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Реферирование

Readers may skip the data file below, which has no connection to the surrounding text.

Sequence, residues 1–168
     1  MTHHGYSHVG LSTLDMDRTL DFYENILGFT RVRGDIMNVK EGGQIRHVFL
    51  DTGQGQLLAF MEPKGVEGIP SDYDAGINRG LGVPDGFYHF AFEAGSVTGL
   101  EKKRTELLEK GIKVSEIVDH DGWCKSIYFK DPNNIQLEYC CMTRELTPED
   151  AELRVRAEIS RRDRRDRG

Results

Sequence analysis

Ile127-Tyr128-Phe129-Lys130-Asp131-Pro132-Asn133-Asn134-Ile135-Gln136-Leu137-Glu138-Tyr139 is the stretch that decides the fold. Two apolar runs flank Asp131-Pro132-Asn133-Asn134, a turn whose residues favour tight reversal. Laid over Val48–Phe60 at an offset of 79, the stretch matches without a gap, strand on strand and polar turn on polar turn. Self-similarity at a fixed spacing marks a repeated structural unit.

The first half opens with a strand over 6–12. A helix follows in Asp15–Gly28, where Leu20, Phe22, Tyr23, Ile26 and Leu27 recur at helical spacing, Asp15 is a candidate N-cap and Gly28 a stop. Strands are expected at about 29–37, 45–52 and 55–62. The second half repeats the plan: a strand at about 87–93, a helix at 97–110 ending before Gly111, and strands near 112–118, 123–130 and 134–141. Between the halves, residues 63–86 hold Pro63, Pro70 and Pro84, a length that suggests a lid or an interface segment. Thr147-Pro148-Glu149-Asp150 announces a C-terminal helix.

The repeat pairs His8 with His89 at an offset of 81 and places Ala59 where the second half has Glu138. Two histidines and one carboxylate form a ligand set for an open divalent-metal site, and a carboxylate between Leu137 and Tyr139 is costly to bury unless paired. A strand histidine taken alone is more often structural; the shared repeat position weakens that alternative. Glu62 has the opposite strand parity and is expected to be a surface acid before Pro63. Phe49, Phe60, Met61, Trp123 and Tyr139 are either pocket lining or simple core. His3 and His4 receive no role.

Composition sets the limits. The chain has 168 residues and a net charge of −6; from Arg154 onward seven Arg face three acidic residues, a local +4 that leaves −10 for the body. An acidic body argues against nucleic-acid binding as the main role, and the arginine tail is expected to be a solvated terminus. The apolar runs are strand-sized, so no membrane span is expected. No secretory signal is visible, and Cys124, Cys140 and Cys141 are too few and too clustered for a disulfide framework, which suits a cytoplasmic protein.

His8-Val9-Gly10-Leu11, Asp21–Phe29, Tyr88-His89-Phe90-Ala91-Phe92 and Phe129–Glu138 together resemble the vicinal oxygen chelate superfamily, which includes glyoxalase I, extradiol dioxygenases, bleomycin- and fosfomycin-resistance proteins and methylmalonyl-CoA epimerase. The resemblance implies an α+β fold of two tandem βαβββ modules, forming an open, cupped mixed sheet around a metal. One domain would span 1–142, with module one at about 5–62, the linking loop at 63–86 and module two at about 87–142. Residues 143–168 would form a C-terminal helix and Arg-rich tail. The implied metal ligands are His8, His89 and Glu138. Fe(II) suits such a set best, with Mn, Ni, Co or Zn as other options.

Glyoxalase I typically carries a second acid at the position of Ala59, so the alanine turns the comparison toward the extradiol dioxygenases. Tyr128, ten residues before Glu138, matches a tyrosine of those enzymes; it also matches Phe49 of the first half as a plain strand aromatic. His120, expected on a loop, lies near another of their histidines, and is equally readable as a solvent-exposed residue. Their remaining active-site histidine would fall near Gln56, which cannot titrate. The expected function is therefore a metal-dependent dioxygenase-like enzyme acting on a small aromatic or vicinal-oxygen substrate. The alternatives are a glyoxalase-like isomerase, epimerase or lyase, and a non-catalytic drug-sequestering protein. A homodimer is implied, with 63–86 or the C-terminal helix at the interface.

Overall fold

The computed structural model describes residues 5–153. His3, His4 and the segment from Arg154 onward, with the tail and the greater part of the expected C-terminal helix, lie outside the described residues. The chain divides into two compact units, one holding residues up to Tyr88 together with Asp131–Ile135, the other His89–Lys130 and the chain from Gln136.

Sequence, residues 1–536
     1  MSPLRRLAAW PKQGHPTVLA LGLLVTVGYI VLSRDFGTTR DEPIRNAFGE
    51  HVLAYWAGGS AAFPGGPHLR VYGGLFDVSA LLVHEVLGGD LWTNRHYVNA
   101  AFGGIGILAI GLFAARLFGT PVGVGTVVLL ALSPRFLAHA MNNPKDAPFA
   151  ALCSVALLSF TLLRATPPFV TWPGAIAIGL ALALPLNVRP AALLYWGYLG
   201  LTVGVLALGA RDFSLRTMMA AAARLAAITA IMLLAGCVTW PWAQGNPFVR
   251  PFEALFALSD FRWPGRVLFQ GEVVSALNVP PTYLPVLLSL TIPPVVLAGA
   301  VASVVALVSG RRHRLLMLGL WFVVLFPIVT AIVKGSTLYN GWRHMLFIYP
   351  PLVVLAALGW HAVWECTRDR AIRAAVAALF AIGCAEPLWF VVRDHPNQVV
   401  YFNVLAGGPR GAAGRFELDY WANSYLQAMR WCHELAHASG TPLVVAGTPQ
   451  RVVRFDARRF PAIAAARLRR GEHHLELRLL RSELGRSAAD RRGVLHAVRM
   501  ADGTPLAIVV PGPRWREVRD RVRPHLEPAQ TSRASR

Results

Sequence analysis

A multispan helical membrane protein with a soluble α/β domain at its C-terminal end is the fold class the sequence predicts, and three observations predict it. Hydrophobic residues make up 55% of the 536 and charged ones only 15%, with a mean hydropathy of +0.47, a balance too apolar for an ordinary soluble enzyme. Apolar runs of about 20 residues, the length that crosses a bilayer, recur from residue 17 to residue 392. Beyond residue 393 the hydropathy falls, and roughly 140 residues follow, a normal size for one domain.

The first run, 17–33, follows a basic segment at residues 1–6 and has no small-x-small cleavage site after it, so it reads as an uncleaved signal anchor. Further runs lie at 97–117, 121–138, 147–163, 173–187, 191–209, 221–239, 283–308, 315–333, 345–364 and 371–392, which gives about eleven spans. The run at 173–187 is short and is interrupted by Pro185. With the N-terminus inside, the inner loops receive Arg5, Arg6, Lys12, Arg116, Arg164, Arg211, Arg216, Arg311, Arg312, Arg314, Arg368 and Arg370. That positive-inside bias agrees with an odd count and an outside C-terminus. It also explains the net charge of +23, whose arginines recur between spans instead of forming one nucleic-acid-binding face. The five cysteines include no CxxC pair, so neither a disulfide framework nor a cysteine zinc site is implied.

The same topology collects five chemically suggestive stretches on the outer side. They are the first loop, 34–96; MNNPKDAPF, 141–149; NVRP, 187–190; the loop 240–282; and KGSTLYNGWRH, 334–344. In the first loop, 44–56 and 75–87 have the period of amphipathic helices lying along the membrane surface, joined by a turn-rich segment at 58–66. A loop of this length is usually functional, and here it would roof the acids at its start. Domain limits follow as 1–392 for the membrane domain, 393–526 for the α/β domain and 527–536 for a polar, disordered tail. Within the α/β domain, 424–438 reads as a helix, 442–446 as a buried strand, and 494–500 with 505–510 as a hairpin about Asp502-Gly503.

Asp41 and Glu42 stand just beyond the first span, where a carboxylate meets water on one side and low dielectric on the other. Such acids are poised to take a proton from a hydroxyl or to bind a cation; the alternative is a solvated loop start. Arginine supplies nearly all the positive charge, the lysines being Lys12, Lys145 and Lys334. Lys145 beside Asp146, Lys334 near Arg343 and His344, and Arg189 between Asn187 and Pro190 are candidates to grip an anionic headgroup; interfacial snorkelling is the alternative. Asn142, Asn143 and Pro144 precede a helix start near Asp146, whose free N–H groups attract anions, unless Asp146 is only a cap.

Реферирование Реферирование – процесс аналитико-синтетической переработки информации, заключающийся в анализе первичного документа и извлечение из него наиболее важных в смысловом отношении сведений, основных положений, фактических данных, результатов, выводов. Реферирование имеет целью сокращение физического объема первичного документа при сохранении его основного смыслового содержания и представляет собой сложный процесс. Умение реферировать предполагает специальную подготовку. Текст реферата должен отличаться ясностью и конкретностью, четкостью, лаконизмом, то есть отсутствием второстепенной информации: доказательств, рассуждений, описаний, примеров. В нем не должны использоваться громоздкие предложения и сложные грамматические обороты, затрудняющие понимание содержания. Основные этапы реферирования: 1. Ознакомительное чтение, предварительный анализ. Изучение реферируемого документа начинается со знакомства с заглавием, справочным аппаратом издания. 2. Внимательное чтение, углубленный анализ. Исключение несущественных сведений или сведений, не относящихся к основному содержанию документа. 3. Синтез информации, компоновка текста. 4. Реферирование. Клише для реферирования текста 1.Summarize the text you have read. Use the following phrases: 1. The text reports on … 2. A detailed description is given to … 3. Much attention is given to … 4. It is claimed that … 5. It is pointed out that … 2. Summarize the content of the article. Use the phrases: 1. The article provides information on … 2. The paper discusses … 3. A careful account is given to … 4. A comparison of … with … is made. 5. It is assumed that … 3. Summarize the content of the text. Use the phrases: 1. The article reports on … 2. It is shown that … 3. It is pointed out that … 4. The methods used for … are discussed … 5. The article puts forward the idea … 6. The paper is of interest / no particular interest. 7. The article is of great interest / no particular interest. 4. Summarize the article using the following phrases: 1. The objective of the system is … 2. It is recognized that … 3. The article suggests the problem … 4. The article contains the most up-to-date information on … 5. The article touches upon … 6. The effect of … on … is discussed. 7. Of particular interest is … UNIT 1 WHY FORESTS NEED FIRES By Alex Kirby (BBC News Online environment correspondent), 5 December, 2002 The bush fires raging across swathes of New South Wales are terrifying. For people in the areas ablaze they spell disruption at least, the prospect of losing their homes, and the possibility of death. For wild species, like kangaroos and koalas, death on a large scale is already a reality. Yet the fires may offer benefits to the forests in the longer term. No forest has ever existed without having to cope with periodic fires. The Stale Forests of New South Wales website says: “Fire is very much a natural part of many Australian ecosystems. The Aborigines used fire on a regular basis, and had a profound influence on vegetation. Since the exclusion of Aboriginal burning, many areas of forest have undergone a change, particularly in the understorey”. No trees without fire «Many areas which were once quite open and grassy now contain thickets of shrubs and vines.» Fires are a natural way of clearing old growth, causing organic matter to decompose rapidly into mineral components which fuel rapid plant growth, and recycling essential nutrients, especially nitrogen. Some trees cannot survive without periodic blazes. Lodgepole and jack pines are serotinous species — their cones open and their seeds germinate only after they have been exposed to fire. In Australia, the mountain ash, a flowering tree that grows in temperate areas, needs a site to be thoroughly burnt and to be exposed to full sunlight before it can regenerate. Some eucalyptus species arc largely fire-resistant but can help a fire to spread, shedding their bark when they burn and releasing flammable oils from their leaves. Forests adapt themselves to relatively small intermittent fires. But when policymakers try to suppress fires altogether, they encourage the accumulation of dead growth and allow new species to establish themselves. When a fire does start, it finds more fuel to sustain itself than would normally be there. Trapped by the flames Some critics say opposition by environmental groups to any controlled burning in forests encourages combustible growth to accumulate and intensify any fires that do start. They argue that forests need active management, including deliberate fires as a form of pruning. But if the forest flora stand to make some gains from the flames, it is a different story for much of the fauna. The Australian Koala Foundation says that the survival rate of koalas depends on the intensity of the fire. Even when flames do not reach the canopy of the trees, they may suffer paw burns when they come to ground to change trees and tread on the smouldering, hot ground. They may also suffer from smoke inhalation and exposure due to the loss of foliage. They are fussy eaters and if the trees they like are burnt they may find it difficult to find replacements. Many perish when they climb to the treetops to escape the fire, while others starve when their food supplies are destroyed. The most common natural cause of forest fires is probably lightning, though globally most fires; are started by people. Increase your vocabulary: swathe [sweð] — large area of land ablaze — be ablaze – to be burning with a lot of flames thicket — a group of bushes and small trees shrub — a small bush nutrients — a chemical or food that provides what is needed for plants nitrogen [‘naıtrǝʤǝn] to germinate — to begin to grow shedding — lighting the area around combustible — able to burn easily deliberate — planned or intended pruning — to get rid of the unnecessary parts of something foliage — the leaves of a plant to perish — to die, especially in a terrible or sudden way SUMMARY The article “Why forests need fires” by Alex Kirby has been published on BBC News web¬site. It provides information on fires as a natural part of local ecosystems. This problem is quite important today, and the information about it is limited. The article consists of three parts: an introduction and two main parts that describe the influence of fires on local flora and fauna. “Why forests need-fires” doesn’t have a conclusion, because the article is a set of different facts and professors’ opinions on the problem. The preamble introduces the problem of conflagrations to the reader and states that no forest has ever existed without having to cope with periodic fires. The main idea of the first part is that conflagrations can be a natural part of local ecosystem, and like every phenomenon that has been evolving for thousand years it can cause some positive consequences. The second part describes the influence of fires on local flora. The Author claims that in some cases conflagrations can clean the forest and free the way for younger and stronger vegetative life. The Author argues that there are many plants that help fires to spread. For instance, some eucalyptus species have flammable oil in their leaves. The last part of the article reveals horrible effects of forest fires on local fauna: starvation, drought, skin burns and etc. If it is possible to find something positive in conflagrations for vegetative life, it is obvious that for birds and animals fires are worse than death. As a whole the article is of particular interest. The concept of positive consequences caused by fire has been a great surprise for me and the information about the plants that help fires to spread is of great value. I suppose that the author examined all issue of the problem. I believe “Why forests need fires” is worth the reader’s attention to observe. UNIT 2 This story was printed from Anchordesk, located at http://reviews-zdnet.com. com/AnchorDesk/2001-6033_16-0. html?tag=adpf. PHOTO PRINTERS: ARE THEY WORTH THE EXTRA COST? By Jessica Kashiwabara: Contributing Editor, AnchorDesk Thursday, December 18, 2003 Digital cameras are great because they allow you to take lots of pictures without paying for film and to easily post pics on the Web. But what about when you want prints made? You could, of course, get prints from a professional developer. But if you’re interested in doing it yourself, a photo printer is a viable option. WHEN SHOPPING for a photo printer, the first thing you’ll probably notice is that it can cost as much as $200 more than your average color inkjet. So what are you paying extra for? And is that a smart investment? To get some answers, I talked to our resident printer expert, Robert Vamosi. He says the main things that distinguish photo printers from regular inkjets are the special ink cartridges they use. These inks are designed to provide better halftones, which are necessary to reproduce photographs. Standard inkjets, he says, «just aren’t that sophisticated.» In addition, photo inkjets are better at reproducing detail and use more ink colors than standard printers; those extra colors will often include more than one shade of a basic hue, like black. Some also use specialized printer technologies that are optimized for photo output. Canon, for example, has begun to use dye-sublimation technology in some of its photo printers. This means the printer heats and applies layers of colored wax to the photo paper, instead of droplets of ink, creating a smooth, film-like look. The portable Canon CP-300 is one of the first models to use this technology. Another perk: Many photo printers come with media card readers so you can print photos directly from your digital camera. Of course, if you don’t need the extras, a standard color inkjet is capable of printing decent photos. A photo printer will just do a better job. BEFORE YOU BUY a photo printer, make sure it’s compatible with high-quality inks and papers. Premium glossy finish or heavyweight matte finish papers will produce the crispest images. Also, check that the printer churns out high-resolution prints; a good inkjet should have a resolution of 2400 dots per inch (dpi), while a dye-sub model should offer 300dpi. But don’t rely solely on the numbers. Because other factors (such as color gradation) affect how your photos will look, you should evaluate the image-quality of prints made on a particular model whenever possible, or see what our testers say about real-world results in our reviews. Photo printers aren’t one-trick ponies. They can output text and graphics, too. In fact, most photo printers pass our labs’ text and graphics tests with flying colors. It should be noted, however, that printer makers consider photo models to be used primarily for-as their name implies-photos, so they don’t place as much emphasis on how well text and other graphics perform. As far as cost, the extra dollars for the printer are not all you’ll spend. You’ll also have to pay for paper and ink, which historically aren’t cheap. But they have come down in price somewhat. According to Vamosi, you can print 4×6-inch images with a photo printer for between 32 to 56 cents per image – close to what you’ll pay at drug stores and other commercial developers. I. Increase your vocabulary: developer — a chemical substance used for developing photographs viable [‘vaıǝbǝl] — able to continue to live, can work successfully inkjet printer — an electronic printer, usually connected to a small computer hue — a color or kind of colour to give something a different colour dye-sublimation — the process of changing a solid substance to a gas by heating it and then changing it back to a solid in order to make it pure decent — acceptable and good enough matte — not shiny to churn out — to produce large quantities of something II. Read the text. Find the best way to complete the sentences: 1. Digital cameras are great because … 2. The main things that distinguish photo printers from regular inkjets are … 3. Photo inkjets are better at … 4. Many photo printers come with media card readers so … 5. A standard color inkjet is capable of … III. Compress the following sentence: In addition, photo inkjets are better at reproducing detail and use more ink colors than standard printers; those extra colors will often include more than one shade of a basic hue, like black. IV. Paraphrase the following sentences: 1. Because other factors (such as color gradation) affect how your photos will look, you should evaluate the image-quality of prints made on a particular model whenever possible, or see what our testers say about real-world results in our reviews. 2. It should be noted, however, that printer makers consider photo models to be used primarily for-as their name implies-photos, so they don’t place as much emphasis on how well text and other graphics perform. V. Summarize the text you have read. Use the following phrases: 6. The text reports on … 7. A detailed description is given to … 8. Much attention is given to … 9. It is claimed that … 10. It is pointed out that …